The need for research to inform the creation of better healthcare work spaces has never been greater or more time urgent. Several countries, including the United States and Britain, are embarking on vast programmes of healthcare building construction impelled by the aging of the populations and the technological obsolescence of older hospitals. The United States, for example, will spend more than $16 billion for hospital construction in 2004, and this will increase to more than $20 billion annually by 2010.7 As a step towards addressing the urgent need for research on healthcare work spaces, the present study examined the influences of environmental acoustics on the psychosocial work environment in a coronary critical care unit (CCU) in a Swedish hospital.
Guideline values for continuous background noise in hospital wards are 30 dB LAeq, with night-time peaks at 40 dB LAmax. These guidelines further recommend that the continuous sound pressure level should not exceed 35 dB LAeq in patient rooms, including those in which patients are being treated.8 Guidelines notwithstanding, several studies have found that hospital background sound pressure levels typically fall in much higher ranges—45–68 db(A)—with peaks exceeding 85–90 db(A).9–11 Medical equipment and staff voices frequently produce 70 db(A) sound levels measured at the patient’s head, which approach decibel levels in a busy restaurant or urban street.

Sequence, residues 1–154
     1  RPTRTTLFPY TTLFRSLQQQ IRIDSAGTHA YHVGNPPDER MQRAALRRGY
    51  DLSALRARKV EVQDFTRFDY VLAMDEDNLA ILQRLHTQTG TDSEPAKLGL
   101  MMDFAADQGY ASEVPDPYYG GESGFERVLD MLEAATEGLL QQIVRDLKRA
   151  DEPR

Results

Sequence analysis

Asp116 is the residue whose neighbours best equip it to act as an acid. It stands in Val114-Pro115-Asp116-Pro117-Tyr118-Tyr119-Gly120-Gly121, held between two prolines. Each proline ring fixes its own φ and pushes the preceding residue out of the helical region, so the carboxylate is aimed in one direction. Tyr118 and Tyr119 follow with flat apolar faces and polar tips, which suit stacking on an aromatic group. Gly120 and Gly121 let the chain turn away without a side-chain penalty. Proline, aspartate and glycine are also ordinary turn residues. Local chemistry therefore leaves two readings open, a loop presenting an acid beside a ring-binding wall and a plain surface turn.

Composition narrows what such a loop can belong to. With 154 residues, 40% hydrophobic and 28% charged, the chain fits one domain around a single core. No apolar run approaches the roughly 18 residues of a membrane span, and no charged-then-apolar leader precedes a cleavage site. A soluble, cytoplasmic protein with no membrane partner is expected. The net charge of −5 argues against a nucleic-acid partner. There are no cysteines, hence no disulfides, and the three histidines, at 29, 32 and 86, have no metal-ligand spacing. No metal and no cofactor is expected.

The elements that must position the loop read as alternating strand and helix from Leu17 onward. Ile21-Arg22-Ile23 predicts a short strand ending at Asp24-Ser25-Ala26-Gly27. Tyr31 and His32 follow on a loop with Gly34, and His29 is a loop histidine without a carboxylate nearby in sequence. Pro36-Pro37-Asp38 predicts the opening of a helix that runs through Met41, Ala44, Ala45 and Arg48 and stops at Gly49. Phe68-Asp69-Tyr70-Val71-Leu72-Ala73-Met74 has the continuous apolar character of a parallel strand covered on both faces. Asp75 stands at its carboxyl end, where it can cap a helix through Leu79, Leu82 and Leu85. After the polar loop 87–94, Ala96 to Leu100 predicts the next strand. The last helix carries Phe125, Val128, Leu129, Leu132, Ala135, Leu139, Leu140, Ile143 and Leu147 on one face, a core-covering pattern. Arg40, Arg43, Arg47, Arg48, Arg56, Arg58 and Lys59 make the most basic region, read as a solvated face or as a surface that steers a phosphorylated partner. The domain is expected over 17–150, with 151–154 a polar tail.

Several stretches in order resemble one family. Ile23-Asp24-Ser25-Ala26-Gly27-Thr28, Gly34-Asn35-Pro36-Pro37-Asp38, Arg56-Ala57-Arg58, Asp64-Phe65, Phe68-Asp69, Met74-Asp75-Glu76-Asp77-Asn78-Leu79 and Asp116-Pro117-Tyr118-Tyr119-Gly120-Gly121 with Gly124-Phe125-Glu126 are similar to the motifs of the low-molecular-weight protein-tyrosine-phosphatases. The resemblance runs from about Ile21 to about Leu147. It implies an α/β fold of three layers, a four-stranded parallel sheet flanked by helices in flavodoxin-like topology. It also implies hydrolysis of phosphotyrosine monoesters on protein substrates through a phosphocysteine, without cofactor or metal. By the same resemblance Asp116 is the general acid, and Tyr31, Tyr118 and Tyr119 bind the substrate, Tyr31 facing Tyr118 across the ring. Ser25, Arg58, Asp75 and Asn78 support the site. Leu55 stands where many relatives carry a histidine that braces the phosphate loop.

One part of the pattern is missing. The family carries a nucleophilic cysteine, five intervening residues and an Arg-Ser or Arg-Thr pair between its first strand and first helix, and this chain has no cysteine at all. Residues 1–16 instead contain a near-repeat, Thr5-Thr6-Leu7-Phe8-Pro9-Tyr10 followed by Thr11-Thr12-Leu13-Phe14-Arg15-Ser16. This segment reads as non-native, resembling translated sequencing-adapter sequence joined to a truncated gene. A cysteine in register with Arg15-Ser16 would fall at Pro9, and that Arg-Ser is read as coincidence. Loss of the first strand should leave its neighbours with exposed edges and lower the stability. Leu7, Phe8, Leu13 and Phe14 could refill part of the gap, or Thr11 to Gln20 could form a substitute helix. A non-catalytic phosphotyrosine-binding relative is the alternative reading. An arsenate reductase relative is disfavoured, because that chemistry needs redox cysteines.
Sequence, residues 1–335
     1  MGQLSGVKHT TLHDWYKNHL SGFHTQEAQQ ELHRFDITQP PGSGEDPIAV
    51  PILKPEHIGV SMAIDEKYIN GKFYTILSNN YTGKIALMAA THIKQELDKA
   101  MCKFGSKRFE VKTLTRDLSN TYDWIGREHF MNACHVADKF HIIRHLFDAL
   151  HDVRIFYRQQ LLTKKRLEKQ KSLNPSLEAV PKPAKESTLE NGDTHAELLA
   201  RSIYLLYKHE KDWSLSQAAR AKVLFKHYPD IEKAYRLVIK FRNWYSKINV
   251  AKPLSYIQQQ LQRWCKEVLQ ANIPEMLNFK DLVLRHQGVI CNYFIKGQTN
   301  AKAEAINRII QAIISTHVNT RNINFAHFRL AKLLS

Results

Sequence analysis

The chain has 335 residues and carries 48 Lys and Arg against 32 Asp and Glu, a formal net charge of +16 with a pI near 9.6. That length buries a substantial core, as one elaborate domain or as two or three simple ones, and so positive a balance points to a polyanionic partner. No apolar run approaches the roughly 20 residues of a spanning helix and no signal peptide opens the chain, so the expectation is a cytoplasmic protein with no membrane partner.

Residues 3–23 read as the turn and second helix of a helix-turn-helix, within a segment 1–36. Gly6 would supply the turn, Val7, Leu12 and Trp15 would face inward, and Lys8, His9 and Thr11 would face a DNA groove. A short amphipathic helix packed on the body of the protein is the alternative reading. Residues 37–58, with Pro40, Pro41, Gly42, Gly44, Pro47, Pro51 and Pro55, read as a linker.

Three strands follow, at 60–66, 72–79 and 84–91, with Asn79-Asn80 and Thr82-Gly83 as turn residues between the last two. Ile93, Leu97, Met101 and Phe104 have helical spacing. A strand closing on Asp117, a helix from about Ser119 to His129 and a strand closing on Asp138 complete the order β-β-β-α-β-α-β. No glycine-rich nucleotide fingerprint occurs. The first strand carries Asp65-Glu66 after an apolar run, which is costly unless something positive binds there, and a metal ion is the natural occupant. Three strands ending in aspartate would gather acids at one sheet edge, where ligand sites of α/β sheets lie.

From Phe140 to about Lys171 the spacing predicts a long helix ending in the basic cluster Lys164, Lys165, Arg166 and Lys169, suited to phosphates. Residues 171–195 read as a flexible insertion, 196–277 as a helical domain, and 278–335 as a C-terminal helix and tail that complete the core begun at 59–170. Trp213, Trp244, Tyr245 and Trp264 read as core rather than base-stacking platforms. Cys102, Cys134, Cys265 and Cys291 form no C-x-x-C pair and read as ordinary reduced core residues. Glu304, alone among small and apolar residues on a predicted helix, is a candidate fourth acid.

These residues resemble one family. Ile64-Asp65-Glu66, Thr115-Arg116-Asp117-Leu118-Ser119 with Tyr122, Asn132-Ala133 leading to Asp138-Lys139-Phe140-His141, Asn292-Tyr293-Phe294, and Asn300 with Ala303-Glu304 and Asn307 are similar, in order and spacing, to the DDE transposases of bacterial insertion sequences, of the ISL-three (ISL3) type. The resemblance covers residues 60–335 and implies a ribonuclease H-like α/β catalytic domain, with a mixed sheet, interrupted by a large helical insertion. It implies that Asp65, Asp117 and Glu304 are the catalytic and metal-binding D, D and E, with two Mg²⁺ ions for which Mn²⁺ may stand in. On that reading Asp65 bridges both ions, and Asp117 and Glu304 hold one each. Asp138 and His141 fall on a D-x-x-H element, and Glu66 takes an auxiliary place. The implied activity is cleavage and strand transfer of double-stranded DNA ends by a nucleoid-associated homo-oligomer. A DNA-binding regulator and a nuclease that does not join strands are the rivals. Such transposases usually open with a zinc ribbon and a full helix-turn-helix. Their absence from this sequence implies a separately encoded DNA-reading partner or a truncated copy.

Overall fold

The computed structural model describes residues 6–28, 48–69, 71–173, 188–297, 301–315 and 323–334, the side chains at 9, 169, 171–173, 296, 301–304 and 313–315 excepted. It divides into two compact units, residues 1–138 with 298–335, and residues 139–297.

Even when decibel levels are kept relatively low (27–58 db(A)), however, differences in acoustic properties with respect to reverberation times or echo/liveliness characteristics may be linked with variations in sleep quality as measured by EEG. In this regard, Berg14 found that volunteers evidenced improved sleep quality (less sleep fragmentation) when assigned to hospital patient rooms with shorter reverberation times (produced by sound absorbing ceiling tiles), in contrast to when assigned to rooms with longer reverberation times (sound reflecting tiles).